Nationality or country of residence?
Please note that not in all cases where spouses have the same nationality can the law of this nationality be followed. In fact, this differs from country to country and thus from nationality to nationality! This is where the concepts of "country of nationality" and "country of domicile" come into play. The Netherlands is a nationality country, which means that Dutch law applies to Dutch couples living abroad. France, for example, is a country of domicile as a result of which the law of common nationality cannot be applied to couples with French nationality. This is because residence countries apply the rule that connection must be sought to the law of the first marriage domicile. Therefore, the French couple that will reside in the Netherlands after the marriage is concluded will, in principle, be governed by Dutch law.
Marriage contracted after Jan. 29, 2019
Fortunately, the complicated rules of the Matrimonial Property Convention can be dispensed with for marriages newly concluded on or after Jan. 29, 2019. This is subject to the Matrimonial Property Regulation ((EU) 2016/1103).
Main rule: law of first marriage domicile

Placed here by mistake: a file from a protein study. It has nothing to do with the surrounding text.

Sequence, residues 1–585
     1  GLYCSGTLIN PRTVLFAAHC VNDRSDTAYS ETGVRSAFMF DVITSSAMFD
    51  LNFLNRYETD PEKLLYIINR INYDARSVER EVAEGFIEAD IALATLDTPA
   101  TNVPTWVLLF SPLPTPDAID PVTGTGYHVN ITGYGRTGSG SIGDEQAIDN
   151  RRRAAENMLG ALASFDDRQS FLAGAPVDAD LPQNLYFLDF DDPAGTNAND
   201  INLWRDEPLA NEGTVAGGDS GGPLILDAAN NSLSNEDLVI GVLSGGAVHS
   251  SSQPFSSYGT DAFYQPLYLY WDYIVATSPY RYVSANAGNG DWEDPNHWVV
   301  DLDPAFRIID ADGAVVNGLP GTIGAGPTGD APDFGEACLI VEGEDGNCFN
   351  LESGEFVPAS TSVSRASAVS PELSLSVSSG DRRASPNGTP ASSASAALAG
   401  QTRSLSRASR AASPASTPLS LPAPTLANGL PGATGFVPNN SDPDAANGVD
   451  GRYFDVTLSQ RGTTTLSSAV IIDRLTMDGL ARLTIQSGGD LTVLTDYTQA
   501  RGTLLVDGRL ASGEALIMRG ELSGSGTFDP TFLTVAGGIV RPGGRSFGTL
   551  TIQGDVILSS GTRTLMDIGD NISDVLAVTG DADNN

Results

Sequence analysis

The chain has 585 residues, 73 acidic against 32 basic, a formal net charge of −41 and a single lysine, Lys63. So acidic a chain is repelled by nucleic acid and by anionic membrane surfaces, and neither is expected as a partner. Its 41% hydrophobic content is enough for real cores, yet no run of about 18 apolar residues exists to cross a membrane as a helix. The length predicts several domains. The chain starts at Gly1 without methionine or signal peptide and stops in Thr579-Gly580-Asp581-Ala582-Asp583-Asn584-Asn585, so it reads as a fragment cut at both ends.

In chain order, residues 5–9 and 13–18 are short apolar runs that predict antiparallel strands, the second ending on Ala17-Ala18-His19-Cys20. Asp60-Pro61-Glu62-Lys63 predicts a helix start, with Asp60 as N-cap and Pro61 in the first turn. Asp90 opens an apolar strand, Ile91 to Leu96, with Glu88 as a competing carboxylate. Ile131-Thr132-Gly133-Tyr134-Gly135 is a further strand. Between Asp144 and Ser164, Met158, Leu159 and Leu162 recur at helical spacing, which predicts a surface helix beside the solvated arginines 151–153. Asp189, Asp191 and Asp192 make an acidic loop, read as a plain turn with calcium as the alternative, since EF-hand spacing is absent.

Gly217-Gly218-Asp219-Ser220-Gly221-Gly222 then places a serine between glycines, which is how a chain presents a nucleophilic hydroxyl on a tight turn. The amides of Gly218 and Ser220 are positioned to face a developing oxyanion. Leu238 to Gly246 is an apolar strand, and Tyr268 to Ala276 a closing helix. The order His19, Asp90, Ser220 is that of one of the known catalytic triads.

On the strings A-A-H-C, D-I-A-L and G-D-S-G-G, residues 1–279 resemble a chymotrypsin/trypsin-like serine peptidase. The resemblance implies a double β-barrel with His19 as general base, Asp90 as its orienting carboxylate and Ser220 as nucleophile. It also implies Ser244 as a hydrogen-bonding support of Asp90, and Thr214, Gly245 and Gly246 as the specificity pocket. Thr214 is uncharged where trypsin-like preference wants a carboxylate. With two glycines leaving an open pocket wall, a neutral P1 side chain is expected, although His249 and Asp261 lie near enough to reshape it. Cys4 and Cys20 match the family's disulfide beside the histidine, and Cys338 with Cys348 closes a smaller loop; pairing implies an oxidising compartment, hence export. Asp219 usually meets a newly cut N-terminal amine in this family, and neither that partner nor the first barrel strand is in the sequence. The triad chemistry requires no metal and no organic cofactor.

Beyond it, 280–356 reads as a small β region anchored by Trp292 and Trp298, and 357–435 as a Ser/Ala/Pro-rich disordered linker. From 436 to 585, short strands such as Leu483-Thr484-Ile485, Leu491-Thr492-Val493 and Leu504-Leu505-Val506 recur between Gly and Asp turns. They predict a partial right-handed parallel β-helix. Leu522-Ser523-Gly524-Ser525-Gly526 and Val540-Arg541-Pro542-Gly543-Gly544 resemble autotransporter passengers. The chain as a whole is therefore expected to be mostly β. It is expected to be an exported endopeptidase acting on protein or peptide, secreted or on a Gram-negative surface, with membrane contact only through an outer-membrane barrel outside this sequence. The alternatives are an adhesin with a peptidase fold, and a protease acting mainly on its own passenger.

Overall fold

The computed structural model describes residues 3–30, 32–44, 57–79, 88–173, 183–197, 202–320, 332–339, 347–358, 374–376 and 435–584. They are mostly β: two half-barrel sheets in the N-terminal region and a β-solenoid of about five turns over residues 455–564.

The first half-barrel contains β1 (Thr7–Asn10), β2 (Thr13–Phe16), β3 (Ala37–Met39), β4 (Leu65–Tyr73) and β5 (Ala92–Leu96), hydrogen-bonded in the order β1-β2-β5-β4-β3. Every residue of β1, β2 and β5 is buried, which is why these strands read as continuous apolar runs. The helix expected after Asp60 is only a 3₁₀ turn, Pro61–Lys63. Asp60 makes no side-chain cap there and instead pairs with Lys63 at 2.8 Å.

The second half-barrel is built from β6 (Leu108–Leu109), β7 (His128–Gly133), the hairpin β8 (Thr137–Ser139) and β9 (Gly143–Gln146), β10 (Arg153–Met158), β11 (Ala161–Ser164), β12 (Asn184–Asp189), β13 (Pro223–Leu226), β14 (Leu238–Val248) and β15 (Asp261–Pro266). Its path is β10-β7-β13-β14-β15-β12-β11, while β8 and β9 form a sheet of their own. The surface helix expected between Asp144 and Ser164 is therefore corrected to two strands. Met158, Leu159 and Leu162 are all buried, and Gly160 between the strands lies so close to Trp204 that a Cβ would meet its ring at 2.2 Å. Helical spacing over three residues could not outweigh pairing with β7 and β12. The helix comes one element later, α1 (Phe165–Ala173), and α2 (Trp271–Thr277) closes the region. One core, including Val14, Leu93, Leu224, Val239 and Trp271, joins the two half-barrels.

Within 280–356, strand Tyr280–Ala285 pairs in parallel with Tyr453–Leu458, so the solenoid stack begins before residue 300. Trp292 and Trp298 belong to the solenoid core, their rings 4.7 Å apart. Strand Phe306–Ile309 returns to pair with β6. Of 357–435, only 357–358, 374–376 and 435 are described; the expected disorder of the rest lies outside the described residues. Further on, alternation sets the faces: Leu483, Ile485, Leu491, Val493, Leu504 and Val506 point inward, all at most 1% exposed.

The main rule of the Regulation is that the law of the first marriage domicile applies. Therefore, even though both spouses have Dutch nationality, Dutch law does not apply if they go to live abroad shortly after the marriage is celebrated.
In the absence of a joint residence after the marriage ceremony, connection can be made to the common nationality. Suppose, for example, that two Dutch nationals marry, but after the marriage both work for an international organization in different countries for a year. In that case, there is no first marriage domicile and Dutch law applies to the matrimonial property regime. This only applies when the common nationality is already there at the time of the marriage.
In the absence of the common nationality, the country with which the spouses have the closest connection can be examined. This can be determined based on several circumstances. One important factor is the location of the marriage.
For those spouses who have not made a prenuptial agreement and therefore have not made a choice of law, the answer to the question of applicable law can still be quite a puzzle. Therefore, always contact a specialized family law attorney who can further advise on this.
If you have any questions regarding this article, please contact Sandra Verburgt for further information.